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Sunday 15th September 2019

Australia rolls out plain cigarette packets

4th December 2012

Plain packages carrying grim health warnings are now being handed out to anyone buying cigarettes in Australia, as new legislation takes effect.


The country has become the first in the world to introduce the measures, which ban all company logos and colourful designs from cigarette packaging.

Cigarettes must now be sold in plain, khaki-coloured boxes which carry photographs of diseased lungs and other graphic reminders of the health effects of smoking. They also carry written health warnings, as before.

Tobacco companies are only allowed to print their name and the type of cigarette in small, plain text on the underside of the box.

According to Australian health minister Tanya Plibersek, the move represents the "last gasp" of a dying industry.

And a spokeswoman for the anti-smoking campaign group Action on Smoking and Health (ASH), Anne Jones, said that plain packaging had removed all the personality from a packet of cigarettes.

With health warnings in large print, no colouring and associated imagery, smoking had become shorn of its glamour, Jones said.

Tobacco companies have no outlet to advertise themselves in Australia now, as television and radio commercials for tobacco were banned in 1976, with a similar ban rolled out in print media in 1989.

Sporting and cultural events were banned from accepting sponsorship from tobacco companies in 1992.

The current Labor government has made plain packaging its target, in a bid to remove any communication options for the industry altogether.

The campaign came after a review of evidence in May 2011 regarding the impact of packaging design on young people's view of cigarettes.

Cancer Council Australia released a video showing children talking about the associations they make to colours used on cigarette packaging.

One boy is reminded of his favourite car by red on a cigarette packet, while a girl likes the pink on a different brand. One boy refers to the colours on the packet as "heavenly."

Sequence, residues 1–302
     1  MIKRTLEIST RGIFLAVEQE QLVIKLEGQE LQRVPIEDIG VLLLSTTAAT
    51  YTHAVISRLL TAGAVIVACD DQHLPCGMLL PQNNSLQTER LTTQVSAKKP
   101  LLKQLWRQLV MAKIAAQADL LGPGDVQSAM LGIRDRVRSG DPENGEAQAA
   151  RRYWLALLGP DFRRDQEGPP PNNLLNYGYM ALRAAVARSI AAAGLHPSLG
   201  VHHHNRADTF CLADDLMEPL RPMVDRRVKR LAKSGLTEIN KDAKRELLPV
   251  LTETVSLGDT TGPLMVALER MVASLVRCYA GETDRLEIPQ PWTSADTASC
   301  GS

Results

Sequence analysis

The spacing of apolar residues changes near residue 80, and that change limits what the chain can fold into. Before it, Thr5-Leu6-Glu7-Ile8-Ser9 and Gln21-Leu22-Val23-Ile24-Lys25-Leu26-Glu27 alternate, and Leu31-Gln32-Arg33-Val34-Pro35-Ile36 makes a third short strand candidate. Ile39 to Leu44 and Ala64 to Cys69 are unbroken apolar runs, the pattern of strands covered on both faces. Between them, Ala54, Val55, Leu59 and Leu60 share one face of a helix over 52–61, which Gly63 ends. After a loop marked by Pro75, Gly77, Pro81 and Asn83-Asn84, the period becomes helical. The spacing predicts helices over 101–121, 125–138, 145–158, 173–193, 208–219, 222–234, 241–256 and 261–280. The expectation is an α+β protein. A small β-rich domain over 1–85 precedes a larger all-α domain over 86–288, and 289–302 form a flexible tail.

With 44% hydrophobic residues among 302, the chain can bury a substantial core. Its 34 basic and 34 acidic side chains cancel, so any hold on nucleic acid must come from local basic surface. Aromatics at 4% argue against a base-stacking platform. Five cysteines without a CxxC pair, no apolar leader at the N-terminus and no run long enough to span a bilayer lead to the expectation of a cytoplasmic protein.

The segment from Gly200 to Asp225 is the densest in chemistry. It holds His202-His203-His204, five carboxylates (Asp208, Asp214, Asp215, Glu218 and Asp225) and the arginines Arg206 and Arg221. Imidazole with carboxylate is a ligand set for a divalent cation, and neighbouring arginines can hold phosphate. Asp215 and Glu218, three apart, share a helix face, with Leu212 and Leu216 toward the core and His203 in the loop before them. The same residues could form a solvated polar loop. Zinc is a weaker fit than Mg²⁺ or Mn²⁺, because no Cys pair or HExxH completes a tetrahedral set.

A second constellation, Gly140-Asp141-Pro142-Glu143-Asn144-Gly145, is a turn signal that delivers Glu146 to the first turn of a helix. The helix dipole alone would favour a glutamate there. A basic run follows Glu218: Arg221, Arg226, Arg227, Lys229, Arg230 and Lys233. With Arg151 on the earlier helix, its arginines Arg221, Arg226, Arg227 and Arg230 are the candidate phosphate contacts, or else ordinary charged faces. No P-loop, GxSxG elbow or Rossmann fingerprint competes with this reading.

The campaign sparked a reaction from health officials, who began to push forward the plain packaging legislation.

The legislative side of the work was spear-headed by former health minister Nicola Roxon, who lost her father to a smoking-related illness when she was only 10 years old.

Currently, smoking-related deaths number 15,000 annually in Australia, and cost the taxpayer around AU$30 billion (£19 billion) a year.

Now, the government wants to target reducing the number of smokers to less than 10% of the general population by 2018, compared with 16% in 2007.

Major tobacco companies including Phillip Morris, Imperial Tobacco and British Imperial American Tobacco ran a high-profile media campaign against the move to plain packaging, saying it misleads people and encourages the smuggling of counterfeit cigarettes, which in turn leads to falling prices.

However, the government's case was upheld in the High Court last August.

The legislation and the reaction to it have been closely followed by other countries in the world that are considering similar legislation, including Britain, France, Norway, India and New Zealand.

But the tobacco industry argues that the Australian government only won that lawsuit because of the peculiarities of Australian constitutional law. They could still take further action at the World Trade Organisation.

But campaigners say that, in Australia at least, plain packaging is here to stay. While the move is unlikely to affect established smokers, it could play a role in discouraging young people from starting to smoke in the first place.

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